Novant Health of Charlotte, NC, which was the object of a class action lawsuit brougt by plan particpants and lawyer Art Schlicter, just agreed to settle for $32 million plus a max of $10.6 million in plaintiff’s attorney’s fees. The class action lawsuit was mainly over excessive fees paid to the plan’s broker. Here’s the link to the article Case Against Novant Health Settles Early for $32 Million
Several points are worth noting.
- The total expense will be very large, over $42 million, not counting lost productivity for senior management and their own attorney’s fees.
- Novant must come up with a revised investment policy statement (IPS). There’s a reason I advocate so strongly for strengthening the IPS. Most I run aross are worthless, if a company even has one.
- Novant must have an independent consultant review the plan and help with the hiring of other service providers. This is a service I provide.
- Novant must have the investment lineup reviewed by an independent consultant. I also p rovide this service. High fund operating expenses often hide a great deal of fees while trustees think they pay little or nothing.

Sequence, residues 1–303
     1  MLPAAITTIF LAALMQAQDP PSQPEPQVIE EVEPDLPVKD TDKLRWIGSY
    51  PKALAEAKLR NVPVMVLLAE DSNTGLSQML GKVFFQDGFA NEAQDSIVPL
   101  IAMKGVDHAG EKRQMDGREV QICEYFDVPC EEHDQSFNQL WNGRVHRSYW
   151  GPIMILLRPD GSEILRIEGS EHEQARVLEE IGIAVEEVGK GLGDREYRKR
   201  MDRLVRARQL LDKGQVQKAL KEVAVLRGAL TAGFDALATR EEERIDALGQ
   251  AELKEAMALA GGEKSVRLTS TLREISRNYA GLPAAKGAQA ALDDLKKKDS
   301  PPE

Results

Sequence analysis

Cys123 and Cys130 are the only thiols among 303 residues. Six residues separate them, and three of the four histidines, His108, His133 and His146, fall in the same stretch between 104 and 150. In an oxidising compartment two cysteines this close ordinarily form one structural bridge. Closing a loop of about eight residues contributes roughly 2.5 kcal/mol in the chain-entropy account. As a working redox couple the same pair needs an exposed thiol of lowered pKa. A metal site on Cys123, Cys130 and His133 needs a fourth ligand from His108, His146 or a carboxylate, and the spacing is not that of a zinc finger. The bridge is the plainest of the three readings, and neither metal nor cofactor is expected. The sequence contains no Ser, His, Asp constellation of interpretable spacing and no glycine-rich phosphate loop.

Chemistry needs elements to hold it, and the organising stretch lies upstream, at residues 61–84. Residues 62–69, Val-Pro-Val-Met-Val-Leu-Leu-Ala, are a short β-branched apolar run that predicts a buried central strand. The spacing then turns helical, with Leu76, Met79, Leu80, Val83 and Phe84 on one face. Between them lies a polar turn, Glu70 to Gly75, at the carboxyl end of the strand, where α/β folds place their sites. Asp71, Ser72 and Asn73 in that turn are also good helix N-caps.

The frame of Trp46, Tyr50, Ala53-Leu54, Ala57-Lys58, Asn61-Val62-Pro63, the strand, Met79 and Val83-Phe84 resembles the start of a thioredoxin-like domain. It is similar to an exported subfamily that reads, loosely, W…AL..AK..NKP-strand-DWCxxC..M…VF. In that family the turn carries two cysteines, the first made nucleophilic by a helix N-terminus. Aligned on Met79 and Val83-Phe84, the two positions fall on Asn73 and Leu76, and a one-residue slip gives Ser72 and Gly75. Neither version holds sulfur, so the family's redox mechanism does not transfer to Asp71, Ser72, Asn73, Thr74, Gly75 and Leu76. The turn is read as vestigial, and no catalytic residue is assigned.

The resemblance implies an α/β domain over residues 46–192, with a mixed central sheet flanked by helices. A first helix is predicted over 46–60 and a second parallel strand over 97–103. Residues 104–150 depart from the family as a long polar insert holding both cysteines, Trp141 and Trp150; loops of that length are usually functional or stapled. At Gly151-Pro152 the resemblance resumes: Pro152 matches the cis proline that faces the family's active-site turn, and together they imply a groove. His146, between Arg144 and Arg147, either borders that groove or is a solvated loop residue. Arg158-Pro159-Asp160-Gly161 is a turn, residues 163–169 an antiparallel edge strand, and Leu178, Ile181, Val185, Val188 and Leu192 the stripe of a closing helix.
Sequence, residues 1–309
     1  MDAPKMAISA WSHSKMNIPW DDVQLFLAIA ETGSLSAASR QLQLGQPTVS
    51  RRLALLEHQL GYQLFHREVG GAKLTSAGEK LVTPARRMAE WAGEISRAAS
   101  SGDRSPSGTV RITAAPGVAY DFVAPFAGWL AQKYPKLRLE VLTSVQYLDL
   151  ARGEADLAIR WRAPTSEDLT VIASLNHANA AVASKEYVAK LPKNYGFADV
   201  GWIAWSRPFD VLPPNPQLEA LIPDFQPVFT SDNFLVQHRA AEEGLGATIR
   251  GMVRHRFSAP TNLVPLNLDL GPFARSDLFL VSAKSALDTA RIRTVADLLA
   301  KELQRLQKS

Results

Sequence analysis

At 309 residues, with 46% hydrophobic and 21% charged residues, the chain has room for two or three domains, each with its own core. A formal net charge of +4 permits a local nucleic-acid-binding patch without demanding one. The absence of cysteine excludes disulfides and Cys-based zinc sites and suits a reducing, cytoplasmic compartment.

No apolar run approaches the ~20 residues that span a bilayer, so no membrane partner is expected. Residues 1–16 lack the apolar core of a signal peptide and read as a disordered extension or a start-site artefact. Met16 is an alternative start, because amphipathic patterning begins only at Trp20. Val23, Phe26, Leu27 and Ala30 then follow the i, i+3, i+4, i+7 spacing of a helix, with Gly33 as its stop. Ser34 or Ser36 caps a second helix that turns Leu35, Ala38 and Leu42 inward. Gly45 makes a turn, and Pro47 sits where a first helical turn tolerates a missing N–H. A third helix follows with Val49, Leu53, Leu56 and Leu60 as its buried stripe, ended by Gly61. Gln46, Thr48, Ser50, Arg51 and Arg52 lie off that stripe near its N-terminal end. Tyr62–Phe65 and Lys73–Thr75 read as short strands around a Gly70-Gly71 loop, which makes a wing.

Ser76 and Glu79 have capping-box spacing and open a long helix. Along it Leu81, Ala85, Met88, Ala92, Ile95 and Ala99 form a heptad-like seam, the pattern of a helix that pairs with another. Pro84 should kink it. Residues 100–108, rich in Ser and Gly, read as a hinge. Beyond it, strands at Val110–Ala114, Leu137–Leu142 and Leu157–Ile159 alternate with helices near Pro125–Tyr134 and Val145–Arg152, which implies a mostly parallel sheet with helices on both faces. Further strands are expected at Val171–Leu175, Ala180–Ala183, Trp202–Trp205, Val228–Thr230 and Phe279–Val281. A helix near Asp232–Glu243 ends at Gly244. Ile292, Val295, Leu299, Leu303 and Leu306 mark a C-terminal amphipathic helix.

- Novant will go through a process to choose new providers, not just hiring their banker, insurance agent or friend. Ignoring this simple, common sense rule has gotten countless plans in poor shape.
- The relationship between the broker and the CEO was way too close and led to lax oversight and unconscionable actions. 401(k) plans should not be tied to other relationships that can sway decisions.
- Novant will no longer pay for administrative services on a % of assets fee. I insist on this when I help with plans, but nearly all plans I look at below $25 million currently do this. With asset-based fees, fees grows automatically as the plan grows, but with no increase in service – very lucrative for the plan provider, but it makes no sense from a plan trustee’s viewpoint. This should be made illegal except in startup and very small plans.